Dear Evil HR Lady,
I have been unemployed for about 14 months now. I have applied for many positions, even multiple times at the same company over time. I was with my last employer for about seven months, but was abruptly discharged even though just a couple of weeks before I had been told by HR that I was doing a great job. The company investigated me because they had received numerous phone calls from some staff that I supervised. I was never told what the complaints were and never had any counseling notice or disciplinary action. Nevertheless, I was discharged. I was given a severance package and praised for my work by my supervisor, who said she had enjoyed working with me but that the company had decided to make a change.
I am not sure if they (HR or an office manager at one of the facilities) is giving me a bad reference, but companies say they will follow up with me and then don't. Even when I have followed up with them, I have been told everything from "we decided to go with someone else," to "we put the position on hold." Often there is no call-back at all when I submit a resume. I leave messages and they just never call back. The last two potential employers went as far as to test me for my leadership skills and said they would call HR to see if they could move forward, and then never called back. One employer was impressed with me, but wanted me to speak to his wife, who was a partner in the business, before moving forward. I never heard back from either of them. I have not provided any references, or given permission for any of them to check references, so my guess is that they are calling a particular company on my resume as noted above and getting a bad reference, or calling people they know in the field who may have hear something about me.
Very few companies do reference checks before the absolute final stages. Checking references is time consuming, and if you don't know whether you want to hire someone you're not going to bother them. Second, very few companies will check references without asking for a list of yours. However, you do not have to give people permission to call references or prior employers. If I wanted to, I could pick up the phone and call anybody's boss and ask for a reference. (Whether they'd give it to me or not is another story.)
Recruiters will often call people who are not on your reference lists, but they generally ask for lists to begin with. In other words, while this may well be the reason for one of the places you've applied, it's highly unlikely that this is the reason none of the jobs work out.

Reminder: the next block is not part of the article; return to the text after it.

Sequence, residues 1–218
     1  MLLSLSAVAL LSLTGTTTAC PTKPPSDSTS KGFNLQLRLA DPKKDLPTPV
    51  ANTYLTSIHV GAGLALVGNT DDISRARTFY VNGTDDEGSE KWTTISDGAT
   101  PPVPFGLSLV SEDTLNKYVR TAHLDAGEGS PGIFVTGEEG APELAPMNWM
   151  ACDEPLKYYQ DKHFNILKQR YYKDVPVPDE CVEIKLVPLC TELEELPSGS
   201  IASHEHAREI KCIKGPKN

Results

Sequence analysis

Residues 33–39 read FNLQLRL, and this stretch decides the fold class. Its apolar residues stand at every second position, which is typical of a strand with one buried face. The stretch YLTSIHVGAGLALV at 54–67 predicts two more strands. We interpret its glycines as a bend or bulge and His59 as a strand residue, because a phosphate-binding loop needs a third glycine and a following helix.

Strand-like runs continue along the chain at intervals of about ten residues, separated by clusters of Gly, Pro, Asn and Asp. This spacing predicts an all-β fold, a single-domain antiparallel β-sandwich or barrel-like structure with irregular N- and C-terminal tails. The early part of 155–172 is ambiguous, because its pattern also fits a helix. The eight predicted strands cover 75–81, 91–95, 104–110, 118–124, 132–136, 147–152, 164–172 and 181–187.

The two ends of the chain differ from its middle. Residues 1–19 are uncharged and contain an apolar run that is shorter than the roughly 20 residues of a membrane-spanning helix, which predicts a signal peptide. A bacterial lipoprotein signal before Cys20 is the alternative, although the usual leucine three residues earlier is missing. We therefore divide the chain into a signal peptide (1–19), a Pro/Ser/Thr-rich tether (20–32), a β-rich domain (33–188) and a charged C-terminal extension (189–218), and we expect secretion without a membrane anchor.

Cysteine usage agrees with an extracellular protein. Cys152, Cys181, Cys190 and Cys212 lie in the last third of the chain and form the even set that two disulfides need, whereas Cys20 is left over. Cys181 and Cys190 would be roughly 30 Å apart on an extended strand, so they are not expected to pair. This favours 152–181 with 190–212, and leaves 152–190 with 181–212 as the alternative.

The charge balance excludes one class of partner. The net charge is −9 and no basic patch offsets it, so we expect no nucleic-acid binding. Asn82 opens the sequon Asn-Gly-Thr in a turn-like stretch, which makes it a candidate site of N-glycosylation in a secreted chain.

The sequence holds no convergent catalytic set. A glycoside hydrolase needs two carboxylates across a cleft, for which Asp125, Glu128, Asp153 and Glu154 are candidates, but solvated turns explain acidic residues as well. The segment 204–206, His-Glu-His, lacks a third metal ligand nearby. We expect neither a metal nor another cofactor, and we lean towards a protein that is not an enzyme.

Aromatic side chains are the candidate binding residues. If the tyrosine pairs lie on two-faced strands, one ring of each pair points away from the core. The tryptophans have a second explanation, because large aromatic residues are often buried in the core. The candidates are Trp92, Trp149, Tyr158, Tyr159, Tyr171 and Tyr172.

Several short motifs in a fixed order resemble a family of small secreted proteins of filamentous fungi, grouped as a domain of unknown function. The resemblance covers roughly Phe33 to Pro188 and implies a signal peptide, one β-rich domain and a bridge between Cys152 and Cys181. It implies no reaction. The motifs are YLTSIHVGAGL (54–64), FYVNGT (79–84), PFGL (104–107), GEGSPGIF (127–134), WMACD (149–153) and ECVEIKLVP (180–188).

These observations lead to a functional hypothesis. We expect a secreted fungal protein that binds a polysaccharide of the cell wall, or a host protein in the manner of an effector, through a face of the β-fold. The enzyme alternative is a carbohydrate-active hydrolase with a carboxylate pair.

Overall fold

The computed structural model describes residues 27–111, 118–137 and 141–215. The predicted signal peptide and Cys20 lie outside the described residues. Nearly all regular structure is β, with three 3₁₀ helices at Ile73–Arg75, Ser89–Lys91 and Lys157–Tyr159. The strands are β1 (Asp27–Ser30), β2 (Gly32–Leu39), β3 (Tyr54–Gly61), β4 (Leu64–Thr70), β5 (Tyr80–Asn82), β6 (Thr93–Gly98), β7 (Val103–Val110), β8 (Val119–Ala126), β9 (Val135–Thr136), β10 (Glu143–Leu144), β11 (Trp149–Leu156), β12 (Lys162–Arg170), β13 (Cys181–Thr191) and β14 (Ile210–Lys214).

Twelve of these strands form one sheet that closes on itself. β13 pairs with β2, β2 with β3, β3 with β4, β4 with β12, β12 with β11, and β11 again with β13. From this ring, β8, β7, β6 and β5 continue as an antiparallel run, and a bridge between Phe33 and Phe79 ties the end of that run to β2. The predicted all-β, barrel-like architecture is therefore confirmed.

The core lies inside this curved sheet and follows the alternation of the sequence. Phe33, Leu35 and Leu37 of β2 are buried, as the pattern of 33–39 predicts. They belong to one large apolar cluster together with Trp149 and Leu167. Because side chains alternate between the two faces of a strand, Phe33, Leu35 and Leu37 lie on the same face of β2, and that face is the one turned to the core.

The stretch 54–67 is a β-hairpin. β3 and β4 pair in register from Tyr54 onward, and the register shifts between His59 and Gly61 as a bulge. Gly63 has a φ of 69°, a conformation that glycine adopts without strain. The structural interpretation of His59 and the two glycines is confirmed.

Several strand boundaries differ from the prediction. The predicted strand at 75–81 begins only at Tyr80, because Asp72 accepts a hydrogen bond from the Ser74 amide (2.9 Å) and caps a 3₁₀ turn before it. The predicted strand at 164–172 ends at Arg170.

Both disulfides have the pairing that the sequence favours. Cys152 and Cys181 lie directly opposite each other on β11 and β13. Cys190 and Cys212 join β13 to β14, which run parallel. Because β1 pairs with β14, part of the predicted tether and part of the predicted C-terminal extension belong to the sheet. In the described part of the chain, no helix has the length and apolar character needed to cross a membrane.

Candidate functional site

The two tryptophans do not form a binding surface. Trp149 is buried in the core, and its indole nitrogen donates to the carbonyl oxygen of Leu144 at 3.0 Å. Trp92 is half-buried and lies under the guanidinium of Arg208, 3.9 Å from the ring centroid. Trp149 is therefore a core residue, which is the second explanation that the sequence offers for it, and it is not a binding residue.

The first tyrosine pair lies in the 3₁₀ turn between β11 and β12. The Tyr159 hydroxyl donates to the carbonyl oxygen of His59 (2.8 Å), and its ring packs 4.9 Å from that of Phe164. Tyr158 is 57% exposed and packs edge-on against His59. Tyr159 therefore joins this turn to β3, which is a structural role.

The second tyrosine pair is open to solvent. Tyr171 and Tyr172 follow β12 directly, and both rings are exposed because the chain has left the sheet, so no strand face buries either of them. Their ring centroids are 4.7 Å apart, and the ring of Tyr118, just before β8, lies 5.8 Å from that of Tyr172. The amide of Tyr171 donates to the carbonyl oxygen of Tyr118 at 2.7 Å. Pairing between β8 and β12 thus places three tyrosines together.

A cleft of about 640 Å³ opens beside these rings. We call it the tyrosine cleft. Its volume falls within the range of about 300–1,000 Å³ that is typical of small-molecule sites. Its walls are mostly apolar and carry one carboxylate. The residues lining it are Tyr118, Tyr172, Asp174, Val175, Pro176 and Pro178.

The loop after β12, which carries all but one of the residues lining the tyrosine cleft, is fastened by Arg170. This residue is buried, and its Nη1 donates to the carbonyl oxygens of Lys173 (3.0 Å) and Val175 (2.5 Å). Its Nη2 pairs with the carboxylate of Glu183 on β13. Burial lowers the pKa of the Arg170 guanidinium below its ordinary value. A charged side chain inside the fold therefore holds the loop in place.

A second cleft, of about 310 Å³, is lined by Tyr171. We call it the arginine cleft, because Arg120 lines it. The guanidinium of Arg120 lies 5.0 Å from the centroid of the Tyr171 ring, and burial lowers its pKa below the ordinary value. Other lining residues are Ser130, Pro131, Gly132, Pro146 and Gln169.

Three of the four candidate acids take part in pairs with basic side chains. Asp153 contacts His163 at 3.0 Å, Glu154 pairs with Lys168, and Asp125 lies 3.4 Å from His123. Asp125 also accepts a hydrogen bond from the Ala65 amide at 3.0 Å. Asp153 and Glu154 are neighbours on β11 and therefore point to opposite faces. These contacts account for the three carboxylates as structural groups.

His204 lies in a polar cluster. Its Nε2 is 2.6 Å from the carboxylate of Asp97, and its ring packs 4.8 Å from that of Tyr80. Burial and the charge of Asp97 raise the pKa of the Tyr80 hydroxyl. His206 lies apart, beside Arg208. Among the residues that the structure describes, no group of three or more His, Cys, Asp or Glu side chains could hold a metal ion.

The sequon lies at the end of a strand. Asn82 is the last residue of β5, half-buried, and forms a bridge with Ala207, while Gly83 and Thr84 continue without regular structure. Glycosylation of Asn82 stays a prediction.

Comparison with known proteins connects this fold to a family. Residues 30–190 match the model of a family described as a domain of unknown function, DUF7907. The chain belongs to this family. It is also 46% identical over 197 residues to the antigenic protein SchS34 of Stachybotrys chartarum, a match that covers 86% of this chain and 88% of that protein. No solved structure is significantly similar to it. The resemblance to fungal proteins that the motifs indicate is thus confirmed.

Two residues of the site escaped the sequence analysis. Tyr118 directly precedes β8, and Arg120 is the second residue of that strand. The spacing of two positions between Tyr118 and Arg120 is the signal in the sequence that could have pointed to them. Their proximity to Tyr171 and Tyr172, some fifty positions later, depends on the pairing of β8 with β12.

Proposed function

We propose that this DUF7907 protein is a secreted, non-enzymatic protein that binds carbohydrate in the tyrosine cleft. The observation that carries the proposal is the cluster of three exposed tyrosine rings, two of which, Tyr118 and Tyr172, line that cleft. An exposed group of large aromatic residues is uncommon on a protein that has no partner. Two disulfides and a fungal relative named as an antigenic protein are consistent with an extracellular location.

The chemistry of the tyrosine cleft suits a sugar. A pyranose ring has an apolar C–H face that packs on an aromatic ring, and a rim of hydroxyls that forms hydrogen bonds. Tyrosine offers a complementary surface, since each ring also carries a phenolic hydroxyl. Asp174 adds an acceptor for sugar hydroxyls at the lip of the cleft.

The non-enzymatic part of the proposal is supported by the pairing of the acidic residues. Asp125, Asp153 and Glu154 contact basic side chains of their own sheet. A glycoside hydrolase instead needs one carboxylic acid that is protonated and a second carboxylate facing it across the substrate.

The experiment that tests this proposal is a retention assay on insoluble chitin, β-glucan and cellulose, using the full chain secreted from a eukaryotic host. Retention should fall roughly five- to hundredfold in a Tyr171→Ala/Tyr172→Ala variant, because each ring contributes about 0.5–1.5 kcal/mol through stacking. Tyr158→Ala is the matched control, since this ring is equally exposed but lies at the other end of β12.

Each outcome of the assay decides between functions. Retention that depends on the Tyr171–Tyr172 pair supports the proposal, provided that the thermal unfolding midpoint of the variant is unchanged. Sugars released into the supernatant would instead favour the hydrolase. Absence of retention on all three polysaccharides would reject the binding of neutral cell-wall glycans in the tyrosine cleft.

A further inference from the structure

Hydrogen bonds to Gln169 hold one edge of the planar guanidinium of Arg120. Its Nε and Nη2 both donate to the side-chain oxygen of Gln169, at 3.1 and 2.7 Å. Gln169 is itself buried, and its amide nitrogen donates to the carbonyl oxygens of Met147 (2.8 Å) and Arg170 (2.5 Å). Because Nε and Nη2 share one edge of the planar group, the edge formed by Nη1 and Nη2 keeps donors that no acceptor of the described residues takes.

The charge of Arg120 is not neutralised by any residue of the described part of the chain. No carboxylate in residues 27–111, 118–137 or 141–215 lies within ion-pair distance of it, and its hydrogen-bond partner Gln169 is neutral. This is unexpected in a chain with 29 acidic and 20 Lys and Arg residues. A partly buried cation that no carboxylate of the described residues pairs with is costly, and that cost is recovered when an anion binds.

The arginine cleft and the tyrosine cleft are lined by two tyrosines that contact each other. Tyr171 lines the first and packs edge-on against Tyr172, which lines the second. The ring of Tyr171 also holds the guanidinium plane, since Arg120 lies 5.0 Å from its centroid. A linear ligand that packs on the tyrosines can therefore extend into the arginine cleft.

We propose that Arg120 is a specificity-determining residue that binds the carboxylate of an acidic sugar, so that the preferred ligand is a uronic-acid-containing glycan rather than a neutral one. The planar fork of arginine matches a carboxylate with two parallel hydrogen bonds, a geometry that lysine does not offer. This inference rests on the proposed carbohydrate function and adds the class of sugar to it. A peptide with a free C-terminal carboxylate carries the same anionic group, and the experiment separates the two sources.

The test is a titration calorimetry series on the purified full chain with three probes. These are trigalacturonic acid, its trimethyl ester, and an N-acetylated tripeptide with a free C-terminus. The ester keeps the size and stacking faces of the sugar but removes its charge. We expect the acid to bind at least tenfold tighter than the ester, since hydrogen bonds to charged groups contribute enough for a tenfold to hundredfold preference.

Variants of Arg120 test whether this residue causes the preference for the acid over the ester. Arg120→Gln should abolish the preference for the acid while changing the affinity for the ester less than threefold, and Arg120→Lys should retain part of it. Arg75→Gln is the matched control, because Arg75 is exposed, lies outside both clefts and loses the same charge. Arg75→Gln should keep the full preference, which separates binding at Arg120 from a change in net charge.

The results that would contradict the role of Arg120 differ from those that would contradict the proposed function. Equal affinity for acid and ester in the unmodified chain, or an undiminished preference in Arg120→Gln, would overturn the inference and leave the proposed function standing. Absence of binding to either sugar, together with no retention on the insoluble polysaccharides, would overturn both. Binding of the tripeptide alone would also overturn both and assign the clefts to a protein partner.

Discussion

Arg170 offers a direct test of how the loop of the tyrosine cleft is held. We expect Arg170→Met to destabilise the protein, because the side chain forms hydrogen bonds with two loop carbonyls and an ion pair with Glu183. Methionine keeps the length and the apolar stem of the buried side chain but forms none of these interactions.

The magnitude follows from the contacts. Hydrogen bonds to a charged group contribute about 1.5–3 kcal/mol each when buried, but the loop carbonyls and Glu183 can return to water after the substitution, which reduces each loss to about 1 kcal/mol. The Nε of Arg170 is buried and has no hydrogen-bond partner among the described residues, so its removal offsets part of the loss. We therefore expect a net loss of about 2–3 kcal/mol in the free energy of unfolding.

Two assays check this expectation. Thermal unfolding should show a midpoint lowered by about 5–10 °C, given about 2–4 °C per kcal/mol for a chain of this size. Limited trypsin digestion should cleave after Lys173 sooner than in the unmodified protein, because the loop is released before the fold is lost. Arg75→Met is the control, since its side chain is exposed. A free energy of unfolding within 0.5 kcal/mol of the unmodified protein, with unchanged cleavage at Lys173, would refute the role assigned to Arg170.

Another possibility is that somehow you have developed a bad reputation. If your industry is small or your town is small, and everyone knows each other, then this is a possibility. However, then you wouldn't even get initial interviews, as you'd be blocked at the resume stage.
The third, and most likely scenario, is that recruiters aren't getting back to you because they don't get back to anyone. Seriously, it's a plague. For some reason, recruiters have got it stuck in their heads that they are so busy that they cannot possibly take the time to get back to someone who sacrificed a day or more of their lives to interview with the company. Because the 30 seconds it takes to send an email saying, "Thanks for interviewing. We've decided to go a different direction" is so burdensome that they just can't do it.
Or they don't know precisely what is going on and don't want to admit that to the candidate. But this would be nice and would treat the candidates like actual humans, and for some reason many recruiters do not want to do this. (And if you are a recruiter who wants to defend the practice of leaving candidates in the dark, please email me.)
The two companies that told you they "decided to go with someone else" and "put the position on hold" were undoubtedly telling the truth. This is what happened. You're definitely not the only candidate out there, and positions get put on hold all the time. Budgets change, needs change, headcount changes, management changes and income changes. All of those can lead to a position being put on hold. Companies would far rather leave an open position vacant than hire someone only to have to turn around and lay somebody off. This is normal.
You're getting interviews, so your resume isn't the problem. You're not getting the job, so it could well be your interviewing skills. It could be how you come across to people. It could be that you can't give a convincing explanation as to why you were let go after only seven months in your last job. Ask a friend in the same industry to give you a mock interview. Record it and study your performance.
If you're convinced that your previous employer is the problem, call and ask them. Call your former supervisor, who praised your work, and ask if she's been asked to provide a reference. Ask what she said. If she's still nice, ask her if it's possible that HR is saying something negative. Most HR departments simply confirm dates of service, but there are a few bad apples out there. Most recruiters will look to speak to the supervisor, not the HR department.
Since you received severance, you undoubtedly signed a release. This release may well contain information regarding what the company agreed to say about you. Check that out as well. If they are giving out information that is prohibited by the release, you can take them to court to get them to stop. (This, however, is unpleasant. They will generally stop it after a simple letter from an attorney bringing it to their attention.)
The most likely scenario is that it is a tough job market, you aren't the best at interviews and recruiters are just being lazy about getting back to people.
Have a workplace dilemma? Send your questions to EvilHRLady@gmail.com.